This could be the glass pane for example? But I'm looking specifically for the time period when glass was first used in art frames to protect the piece.

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    What has your initial research revealed? What have you checked so far? (please edit into the question) – MCW Jun 13 '18 at 20:56
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    Oil paintings are seldom put behind glass, as the varnish protects the painting. See this link. So you should be looking at water colors or pencil sketches. I suspect that it is very recent, probably mid-1800s. – Peter Diehr Jun 14 '18 at 0:21

The use of glass in glazing to protect paintings would appear to date back to the mid 18th century:

...such was the interest in art from the mid eighteenth century, as expressed through attendance at exhibitions and academies, that the display of vulnerable old master and contemporary drawings, prints, pastels and watercolours became popular, by removing these works from portfolios, mounting and framing and glazing them.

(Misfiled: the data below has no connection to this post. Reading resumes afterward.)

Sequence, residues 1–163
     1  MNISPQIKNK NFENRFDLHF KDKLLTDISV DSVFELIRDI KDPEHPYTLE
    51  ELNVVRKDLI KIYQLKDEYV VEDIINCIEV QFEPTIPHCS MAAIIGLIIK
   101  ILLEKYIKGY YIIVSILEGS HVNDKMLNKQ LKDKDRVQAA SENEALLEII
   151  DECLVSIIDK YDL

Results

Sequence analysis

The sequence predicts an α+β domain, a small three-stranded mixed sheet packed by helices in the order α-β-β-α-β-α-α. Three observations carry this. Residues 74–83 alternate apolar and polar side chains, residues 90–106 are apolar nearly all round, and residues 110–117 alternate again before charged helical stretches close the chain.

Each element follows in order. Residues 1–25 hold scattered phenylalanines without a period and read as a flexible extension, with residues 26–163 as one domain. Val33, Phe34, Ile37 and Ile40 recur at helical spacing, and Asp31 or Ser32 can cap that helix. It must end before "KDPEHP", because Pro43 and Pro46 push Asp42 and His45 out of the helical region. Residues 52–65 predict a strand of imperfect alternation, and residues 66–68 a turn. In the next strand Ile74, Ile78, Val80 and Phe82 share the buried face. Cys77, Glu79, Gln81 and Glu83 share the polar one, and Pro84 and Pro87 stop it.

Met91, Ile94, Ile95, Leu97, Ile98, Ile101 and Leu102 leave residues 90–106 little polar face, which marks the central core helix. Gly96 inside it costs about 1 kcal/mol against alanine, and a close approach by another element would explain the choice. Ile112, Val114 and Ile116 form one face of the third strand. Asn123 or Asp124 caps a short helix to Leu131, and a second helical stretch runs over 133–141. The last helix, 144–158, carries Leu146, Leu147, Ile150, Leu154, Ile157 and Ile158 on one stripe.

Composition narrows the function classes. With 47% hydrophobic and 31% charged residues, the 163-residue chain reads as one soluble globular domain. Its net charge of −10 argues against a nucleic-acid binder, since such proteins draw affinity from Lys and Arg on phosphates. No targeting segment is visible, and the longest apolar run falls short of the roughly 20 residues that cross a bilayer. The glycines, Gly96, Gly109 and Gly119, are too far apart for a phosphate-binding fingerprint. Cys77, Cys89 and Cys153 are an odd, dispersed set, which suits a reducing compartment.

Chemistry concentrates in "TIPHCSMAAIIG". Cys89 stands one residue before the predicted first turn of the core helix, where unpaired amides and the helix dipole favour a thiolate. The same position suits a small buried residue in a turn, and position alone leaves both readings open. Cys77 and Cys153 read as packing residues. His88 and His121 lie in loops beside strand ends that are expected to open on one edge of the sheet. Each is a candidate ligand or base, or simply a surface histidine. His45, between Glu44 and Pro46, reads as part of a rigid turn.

Source: Stephen Hackney, The Evolution of a Conservation Framing Policy at Tate

This became necessary for display paintings due to the increase in air pollution:

Gradual industrialisation from the sixteenth century, accelerating during the eighteenth and nineteenth centuries, created air pollution throughout all urban areas...Most buildings were well ventilated by modern standards...and exterior pollution readily found its way in. Clothes, furnishings, fabrics, wallpapers and any absorbent decorative material would need regular dusting and washing.

Source: Hackney


Several techniques of art protection with glass predate the use of panes mounted in front of canvas.

The Greeks protected both sides of delicate gold leaf designs with glass:

sample of gold glass

Later, Orthodox Christians in Romania painted durable Christian icons on the reverse of glass panes, which can be hung in frames, protecting the artistic design:

sample glass icon

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    This is a great answer, but I had to mark the answer by lars as the correct answer due to your answer not having any dates or time periods associated with it. It would be great if you added some though just to help those that may stumble upon the question. – Dylan Little Jul 12 '18 at 2:34
  • The answer is very interesting, but I wouldn't say that painting on the reverse of a glass is protecting the work of art with glass. It's just painting on a glass. – Pere Jan 9 '19 at 14:58

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